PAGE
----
What is Travel Nursing?
With Covid bringing such a spotlight to all healthcare providers and nurses, at least since 2020, a lot of people have heard of travel nursing. For those not in nursing/healthcare, a travel nurse is similar to a person working for a temp agency. Typically the nurse has a ‘recruiter’ that works for a staffing company that connects the nurse with facilities that are in need of extra staffing. The nurse travels to that facility as contract staff for an agreed-upon period of time, typically for thirteen-week stents. Nursing shortages are, unfortunately, not new and travel nursing has been around for about forty or so years. It seems more commonplace today as Covid has strained an already stretched workforce.
Why Travel Nursing?
Why would a nurse want to be a travel nurse? Most would probably say pay is the most compelling factor and there is definitely truth to that statement. Travel nurses do typically make more money than staff nurses. But it is not just the money that makes travel nursing beneficial. In the beginning, my main reason to begin a travel nursing career was for the travel. I love visiting new places, meeting new people, and enjoying new experiences. Another reason people enjoy travel nursing is that a contract worker doesn’t have to get involved in workplace politics. And with assignments that are typically thirteen weeks long, there is no room for complacency. You are constantly learning- new faces, new policies, and new surroundings. Moving to different facilities and units also helps with the feeling of burnout that nurses can experience.
Travel nursing does not come without its challenges. Orientation for each assignment is typically two days. Travel nurses are expected to pull their full load after this very short orientation period. Another potential downfall- no paid time off- if you do not work, you do not get paid. Also, your contract can get canceled at any time leaving you without employment. Another consideration is that a travel nurse may be across the country away from friends and family leaving their support systems at home. And the pay may be lucrative, but you have to duplicate expenses to receive stipends. I have a mortgage at home, but I also pay rent for an apartment near my assigned hospital.
My Travel Nurse Beginnings
I first began travel nursing in June 2016. My first assignment was at a hospital in Florence, SC. From there I worked in hospitals in Glendale, Arizona, Yakima, Washington, Stockton, California, Delray Beach, Florida, and Charleston, West Virginia. In 2019 I returned home and worked in Charleston, South Carolina for two years. After two years at home, I was ready to return to the world of travel nursing.
A Needed Change
Last May (2021) I knew I needed a change, but I wasn’t really sure what that change would be. I had taken a step back from working in the Intensive Care Unit and was working as a Hospice Nurse. Caring for patients nearing the end of their life was not new to me, it’s a part of nursing, especially when you work in critical care. Working outpatient was completely new to me. I found that I enjoyed visiting patients and their families in their homes. This was a kind of care that you couldn’t provide in the hospital setting. And the families- they were so inviting and happy for your visit. I provided a lot of teaching and was able to ease a lot of anxieties making a sad and stressful transition from life to death a little more bearable. It was worthy work.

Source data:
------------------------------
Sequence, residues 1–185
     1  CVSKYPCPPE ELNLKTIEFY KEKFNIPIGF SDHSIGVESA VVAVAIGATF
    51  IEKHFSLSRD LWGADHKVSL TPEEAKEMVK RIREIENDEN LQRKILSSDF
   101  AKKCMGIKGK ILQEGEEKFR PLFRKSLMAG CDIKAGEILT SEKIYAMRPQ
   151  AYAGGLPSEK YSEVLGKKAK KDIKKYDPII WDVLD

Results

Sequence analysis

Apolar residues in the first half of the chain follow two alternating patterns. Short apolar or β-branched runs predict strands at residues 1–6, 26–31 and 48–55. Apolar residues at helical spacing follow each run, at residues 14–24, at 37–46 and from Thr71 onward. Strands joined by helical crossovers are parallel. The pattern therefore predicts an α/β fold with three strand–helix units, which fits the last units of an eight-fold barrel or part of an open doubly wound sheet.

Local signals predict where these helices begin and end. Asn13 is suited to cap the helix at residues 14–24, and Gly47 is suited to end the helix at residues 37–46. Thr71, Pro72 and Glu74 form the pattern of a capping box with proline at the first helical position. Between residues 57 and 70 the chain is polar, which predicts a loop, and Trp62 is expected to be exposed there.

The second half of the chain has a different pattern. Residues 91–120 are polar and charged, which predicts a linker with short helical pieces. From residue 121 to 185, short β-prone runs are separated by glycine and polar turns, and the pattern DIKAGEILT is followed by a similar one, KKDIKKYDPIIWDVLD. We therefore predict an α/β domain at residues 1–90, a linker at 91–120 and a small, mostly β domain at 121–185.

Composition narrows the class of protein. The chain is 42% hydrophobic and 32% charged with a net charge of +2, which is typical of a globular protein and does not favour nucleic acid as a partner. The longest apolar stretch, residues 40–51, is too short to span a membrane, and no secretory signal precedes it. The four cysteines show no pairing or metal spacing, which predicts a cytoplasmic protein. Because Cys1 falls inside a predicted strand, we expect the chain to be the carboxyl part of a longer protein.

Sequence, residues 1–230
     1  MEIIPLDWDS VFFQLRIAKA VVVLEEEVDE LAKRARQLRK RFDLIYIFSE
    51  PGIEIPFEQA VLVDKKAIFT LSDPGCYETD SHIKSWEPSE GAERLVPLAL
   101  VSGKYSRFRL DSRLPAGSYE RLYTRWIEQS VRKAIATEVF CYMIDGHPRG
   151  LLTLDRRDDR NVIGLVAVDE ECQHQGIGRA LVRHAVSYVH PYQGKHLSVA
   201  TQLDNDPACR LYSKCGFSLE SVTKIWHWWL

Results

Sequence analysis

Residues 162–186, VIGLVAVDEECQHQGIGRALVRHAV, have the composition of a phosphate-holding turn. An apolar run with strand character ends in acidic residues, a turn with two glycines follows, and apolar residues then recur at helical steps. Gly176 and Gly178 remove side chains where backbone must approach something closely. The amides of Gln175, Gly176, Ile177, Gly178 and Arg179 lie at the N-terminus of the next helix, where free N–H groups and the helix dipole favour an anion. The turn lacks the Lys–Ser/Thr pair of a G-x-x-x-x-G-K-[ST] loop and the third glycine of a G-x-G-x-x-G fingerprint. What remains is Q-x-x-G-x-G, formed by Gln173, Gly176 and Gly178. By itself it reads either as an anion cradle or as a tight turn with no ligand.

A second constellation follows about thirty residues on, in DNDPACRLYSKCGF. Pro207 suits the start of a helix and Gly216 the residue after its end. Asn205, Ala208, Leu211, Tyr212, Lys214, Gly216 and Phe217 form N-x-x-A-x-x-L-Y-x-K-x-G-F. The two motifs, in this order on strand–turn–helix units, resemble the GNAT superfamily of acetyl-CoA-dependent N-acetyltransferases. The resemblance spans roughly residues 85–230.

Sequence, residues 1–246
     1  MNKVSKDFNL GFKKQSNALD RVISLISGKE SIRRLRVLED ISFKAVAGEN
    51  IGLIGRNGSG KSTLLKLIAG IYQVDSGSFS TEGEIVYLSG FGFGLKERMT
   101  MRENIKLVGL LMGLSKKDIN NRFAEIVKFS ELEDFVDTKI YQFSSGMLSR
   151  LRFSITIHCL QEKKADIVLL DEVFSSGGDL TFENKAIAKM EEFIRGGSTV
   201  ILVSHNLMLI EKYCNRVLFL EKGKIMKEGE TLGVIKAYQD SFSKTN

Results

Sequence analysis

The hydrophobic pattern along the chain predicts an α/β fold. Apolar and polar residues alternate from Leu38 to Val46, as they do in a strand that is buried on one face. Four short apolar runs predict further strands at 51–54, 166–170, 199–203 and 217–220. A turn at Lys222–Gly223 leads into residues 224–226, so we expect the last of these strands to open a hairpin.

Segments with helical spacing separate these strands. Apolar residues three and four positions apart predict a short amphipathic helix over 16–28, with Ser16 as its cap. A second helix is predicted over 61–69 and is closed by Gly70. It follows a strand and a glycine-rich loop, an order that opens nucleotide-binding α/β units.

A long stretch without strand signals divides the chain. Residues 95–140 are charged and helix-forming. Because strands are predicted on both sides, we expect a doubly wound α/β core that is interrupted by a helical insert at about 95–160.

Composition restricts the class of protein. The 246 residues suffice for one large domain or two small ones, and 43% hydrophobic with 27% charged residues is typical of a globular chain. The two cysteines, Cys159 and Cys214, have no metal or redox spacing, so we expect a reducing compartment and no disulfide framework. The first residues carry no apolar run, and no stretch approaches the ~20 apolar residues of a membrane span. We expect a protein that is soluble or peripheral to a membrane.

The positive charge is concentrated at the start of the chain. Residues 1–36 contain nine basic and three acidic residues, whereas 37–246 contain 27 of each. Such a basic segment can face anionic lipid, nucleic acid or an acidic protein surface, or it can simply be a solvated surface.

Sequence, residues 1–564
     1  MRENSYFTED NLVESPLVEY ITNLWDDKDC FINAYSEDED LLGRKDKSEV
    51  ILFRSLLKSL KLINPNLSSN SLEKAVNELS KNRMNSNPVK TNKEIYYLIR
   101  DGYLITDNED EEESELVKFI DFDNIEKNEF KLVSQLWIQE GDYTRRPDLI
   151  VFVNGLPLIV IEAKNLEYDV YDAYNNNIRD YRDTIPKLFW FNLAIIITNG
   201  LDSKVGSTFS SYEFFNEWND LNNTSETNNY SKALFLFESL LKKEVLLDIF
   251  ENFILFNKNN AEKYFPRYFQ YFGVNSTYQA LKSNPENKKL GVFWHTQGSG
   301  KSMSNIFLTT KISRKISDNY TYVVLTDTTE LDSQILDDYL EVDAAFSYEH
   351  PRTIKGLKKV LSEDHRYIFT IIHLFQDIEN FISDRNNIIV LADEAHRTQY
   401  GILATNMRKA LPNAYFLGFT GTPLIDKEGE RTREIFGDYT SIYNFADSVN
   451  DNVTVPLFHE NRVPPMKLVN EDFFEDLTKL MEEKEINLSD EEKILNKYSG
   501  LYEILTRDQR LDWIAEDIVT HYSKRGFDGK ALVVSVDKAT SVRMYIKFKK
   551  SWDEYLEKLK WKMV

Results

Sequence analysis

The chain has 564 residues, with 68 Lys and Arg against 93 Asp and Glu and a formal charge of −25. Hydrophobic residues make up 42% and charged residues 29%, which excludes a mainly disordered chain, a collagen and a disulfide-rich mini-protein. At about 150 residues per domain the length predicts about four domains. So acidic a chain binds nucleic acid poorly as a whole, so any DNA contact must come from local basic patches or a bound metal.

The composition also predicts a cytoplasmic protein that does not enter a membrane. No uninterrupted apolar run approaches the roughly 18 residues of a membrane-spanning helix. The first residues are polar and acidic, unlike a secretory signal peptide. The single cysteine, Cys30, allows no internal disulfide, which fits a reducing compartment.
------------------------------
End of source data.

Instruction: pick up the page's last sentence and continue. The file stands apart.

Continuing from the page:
As much as I enjoyed this position, it also had some drawbacks. My position was every weekend on-call. That’s what I signed up for and I knew what that meant, but over time it began to wear me down. I usually had a few scheduled patients to see and I had call as well. This meant that any patient needing assistance would need to be seen in addition to scheduled visits. It may be one, it may be many. I could put in a 12 hour day and get woken up at night for more calls. The driving became an issue as well. I put thousands and thousands of miles on my car in a few short months. I came to dread every weekend and that is not the way I want to live my life.
Back to Intensive Care
So I needed a change. While working in Hospice I also worried that I would lose my critical care skills. Being an ICU nurse has been so much of my identity for the last 16 years and I just wasn’t sure if I was ready to let that go. I began to look at travel positions, The pay rates have definitely increased since Covid as the need for nurses has been in a steady increase. So I made the decision to leave Hospice and return to the ICU and travel.
I am currently working for a hospital in middle Tennessee. I am enjoying my return to critical care and the clocking in and clocking out of a time clock- no more on-call!